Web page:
Marriage is work. Hard. Work.
Like many things, it began on social media.
A friend posted an article: 5 Reasons Marriage Doesn’t Work Anymore. Her “YES!” indicated she enthusiastically agreed with the author. That author, for the record, was a relationship advice columnist. He was an expert since he was in his twenties and had been married three whole years before getting divorced.
Like anyone susceptible to click-bait, I gave the piece a gander. Within a few moments, I was rolling my eyes and frustrated. Frustrated by the author’s trite nonsense, and let down by society at large for sharing it and treating the words as truth.
The commentary was a litany of whining, excuses, and superficiality. Your sex life fades. People spend too much time on their phones. Social media makes people selfish. Everything is too expensive these days, crippling couples financially.
In fact, there was one item of important note missing from the list: personal responsibility. The main reason a marriage falls apart is because the couple doesn’t put in the effort.
Marriage is work. Hard. Work.
That giddy feeling you felt during the infancy of the relationship goes away. It can be replaced by either a deep bond, or apathy. If you think you’re going to look at your partner ten years deep and feel the same way you did the first time you saw them, you’re delusional.
The immature or shallow will chase butterflies, forever jumping from partner to partner celebrating the newness of each relationship and being confused and scared when those butterflies leave their belly. Those ready for commitment and challenge, willing to put in a little blood, sweat, and tears, will make their marriages last. Marriage isn’t winning the lottery; the jackpot is finding that someone willing to put in the effort with you.
But let’s challenge the specific reasons cited in the “doesn’t work” article.
First, he complained about sex, and the absence of it. Is the sex life I share with my wife the same as the first few months we were together? Nope. We have it less often, and it’s more scheduled than spontaneous. But the physical and emotional attraction is still there, and that’s what’s important.
Next, was the argument that marriage is generational, and that times are different today than they were for our grandparents. Which is good and all, if the author didn’t also say his generation was crippled by college tuition and home mortgages. The juxtaposing thoughts were written without any sense of irony or hypocrisy.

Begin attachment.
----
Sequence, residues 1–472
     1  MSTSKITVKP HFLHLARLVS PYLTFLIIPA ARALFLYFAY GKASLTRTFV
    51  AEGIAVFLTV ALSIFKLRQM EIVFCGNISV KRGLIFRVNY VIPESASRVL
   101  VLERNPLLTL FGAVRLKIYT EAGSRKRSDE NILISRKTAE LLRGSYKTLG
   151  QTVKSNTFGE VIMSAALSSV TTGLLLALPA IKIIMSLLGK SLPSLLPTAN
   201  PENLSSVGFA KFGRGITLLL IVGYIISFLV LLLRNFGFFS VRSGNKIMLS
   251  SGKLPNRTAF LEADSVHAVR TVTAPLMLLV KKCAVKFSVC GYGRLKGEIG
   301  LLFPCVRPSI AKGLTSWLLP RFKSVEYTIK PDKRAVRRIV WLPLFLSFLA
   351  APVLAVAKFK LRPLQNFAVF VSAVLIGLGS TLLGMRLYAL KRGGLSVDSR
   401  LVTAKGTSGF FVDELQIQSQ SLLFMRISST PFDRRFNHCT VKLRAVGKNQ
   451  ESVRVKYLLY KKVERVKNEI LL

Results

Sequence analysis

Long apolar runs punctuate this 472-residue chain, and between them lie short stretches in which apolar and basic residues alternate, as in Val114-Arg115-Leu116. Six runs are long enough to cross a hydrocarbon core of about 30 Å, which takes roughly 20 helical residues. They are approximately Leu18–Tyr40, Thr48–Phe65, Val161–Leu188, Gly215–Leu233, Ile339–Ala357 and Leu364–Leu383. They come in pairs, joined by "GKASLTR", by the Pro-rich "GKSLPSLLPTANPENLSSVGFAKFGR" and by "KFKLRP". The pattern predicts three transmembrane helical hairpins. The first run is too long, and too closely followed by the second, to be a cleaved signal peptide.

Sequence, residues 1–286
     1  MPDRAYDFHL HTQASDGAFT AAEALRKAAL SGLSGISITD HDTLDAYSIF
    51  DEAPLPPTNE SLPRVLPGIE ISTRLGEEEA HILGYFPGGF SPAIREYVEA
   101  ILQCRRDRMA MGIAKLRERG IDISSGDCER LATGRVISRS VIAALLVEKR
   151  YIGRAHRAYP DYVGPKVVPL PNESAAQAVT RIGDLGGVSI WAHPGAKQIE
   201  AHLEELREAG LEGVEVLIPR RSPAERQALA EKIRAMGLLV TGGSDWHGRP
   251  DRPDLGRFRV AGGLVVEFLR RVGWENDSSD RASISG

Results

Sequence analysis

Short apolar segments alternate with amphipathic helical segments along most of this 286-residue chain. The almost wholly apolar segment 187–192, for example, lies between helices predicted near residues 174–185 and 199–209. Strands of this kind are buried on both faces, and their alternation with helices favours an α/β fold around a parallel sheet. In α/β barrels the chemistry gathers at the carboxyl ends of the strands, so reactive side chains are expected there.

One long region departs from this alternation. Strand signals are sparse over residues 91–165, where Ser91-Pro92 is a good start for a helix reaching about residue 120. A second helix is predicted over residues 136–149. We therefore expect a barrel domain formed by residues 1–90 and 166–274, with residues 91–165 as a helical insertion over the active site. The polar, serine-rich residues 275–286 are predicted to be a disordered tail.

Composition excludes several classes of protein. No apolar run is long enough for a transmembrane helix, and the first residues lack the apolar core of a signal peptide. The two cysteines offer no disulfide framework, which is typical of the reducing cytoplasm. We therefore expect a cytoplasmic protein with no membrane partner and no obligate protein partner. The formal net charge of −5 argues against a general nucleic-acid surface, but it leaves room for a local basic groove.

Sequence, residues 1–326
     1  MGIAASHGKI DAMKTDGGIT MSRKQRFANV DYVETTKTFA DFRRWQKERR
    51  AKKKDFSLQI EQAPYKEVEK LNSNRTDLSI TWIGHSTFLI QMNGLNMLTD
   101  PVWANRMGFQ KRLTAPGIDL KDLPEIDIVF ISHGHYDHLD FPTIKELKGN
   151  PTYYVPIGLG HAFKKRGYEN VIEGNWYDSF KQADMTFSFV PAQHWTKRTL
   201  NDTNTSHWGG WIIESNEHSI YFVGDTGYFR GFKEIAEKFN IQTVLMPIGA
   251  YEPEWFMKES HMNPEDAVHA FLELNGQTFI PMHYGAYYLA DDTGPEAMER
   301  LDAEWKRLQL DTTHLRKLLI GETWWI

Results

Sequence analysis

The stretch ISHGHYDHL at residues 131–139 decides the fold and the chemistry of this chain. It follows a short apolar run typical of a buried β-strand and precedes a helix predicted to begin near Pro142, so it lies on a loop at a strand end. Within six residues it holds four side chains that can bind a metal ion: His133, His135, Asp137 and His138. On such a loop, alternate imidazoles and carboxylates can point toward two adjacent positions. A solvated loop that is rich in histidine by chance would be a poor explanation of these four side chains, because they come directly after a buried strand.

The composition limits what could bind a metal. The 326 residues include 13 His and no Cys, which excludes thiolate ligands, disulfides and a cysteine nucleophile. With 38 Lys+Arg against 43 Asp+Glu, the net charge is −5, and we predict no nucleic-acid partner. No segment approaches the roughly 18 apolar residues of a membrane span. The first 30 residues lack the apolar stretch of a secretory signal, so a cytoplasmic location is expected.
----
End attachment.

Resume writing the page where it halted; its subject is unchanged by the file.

Our grandparents lived through the freaking Great Depression. Which situation is worse, having an expensive house you have to pay for, or soup kitchen lines that extend around a city block? If someone can’t figure that out on their own, opening their eyes is an impossible task. It’d be like trying to explain common sense to a Trump supporter; you’re not going to succeed.
Next up, technology: you text your partner instead of talking to them. You use an app to buy flowers instead of what, calling and ordering them? (Using the phone would be considered technology, too.) Well, if you don’t like technology, set it aside a little while every day.
My wife makes it a point to have face-to-face discussions before bed. The kids are asleep, the TV is off, our phones put away. Even if it’s only for five minutes, we’re talking to one another. More importantly, we’re listening to one another. Communication drives a marriage, and you know what? I don’t see anything wrong with texting. My wife and I message constantly, from little nothings to jolts of love in the form of pictures of our kids.
Technology is not a burden, but if you think it is, feel free to convert to the Amish way of life and move to Pennsylvania Dutch Country. Maybe that will save your next marriage.
Another complaint was social media. Nothing is private; everything gets posted online. Oh FFS … not if you choose not to post it. You don’t get to whine everything is on line because posting on social media is not mandatory. You don’t have to take pictures of your every meal, you don’t have to own a selfie stick, and if a tree falls in a forest and no one live-Tweets it, guess what? The tree still fell. And if looking at other, “happier” couples online makes you insecure? Then don’t look at other couples.
(Social media was wrapped in with a shaken fist toward our self-centered ways, but that’s a non-starter. People have been self-absorbed since the dawn of time. To say that caused your marriage to fail means you married the wrong person, or that you’ve got issues of your own to work out.)
Look, there are legitimate reasons a marriage might not succeed; when the effort outweighs the rewards, a relationship isn’t worth saving. Sometimes you drift away from your partner. But that happens over the course of many years, not three.
I have a couple of decade-old friends who are shadows of their former selves; I barely know who they are anymore. I also know one legitimate sociopath who would fool people up front, and only expose himself slowly over time. (Shocker: he’s on his third marriage. Start your egg timers.) Struggling through infertility will put a strain on any couple, and hell, so will infidelity. If someone can’t be faithful, the partnership should be terminated. And God … a domestic abuse situation. That’s all too real.
But if your marriage failed “because Facebook made me sad,” then you’re just blathering on. Maybe take a good long look in the mirror instead.
Things change, people change, hairstyles change, and interest rates fluctuate. Change with them, but don’t blame them for your failings.
This article was originally published at The Good Men Project. Reprinted with permission from the author.